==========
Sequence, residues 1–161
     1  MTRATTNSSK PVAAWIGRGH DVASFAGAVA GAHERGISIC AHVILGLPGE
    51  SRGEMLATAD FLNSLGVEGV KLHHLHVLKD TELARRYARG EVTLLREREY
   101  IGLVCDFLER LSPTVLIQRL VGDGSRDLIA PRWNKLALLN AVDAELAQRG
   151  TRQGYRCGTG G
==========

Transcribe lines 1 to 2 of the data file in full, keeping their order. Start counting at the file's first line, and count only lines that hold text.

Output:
Sequence, residues 1–161
     1  MTRATTNSSK PVAAWIGRGH DVASFAGAVA GAHERGISIC AHVILGLPGE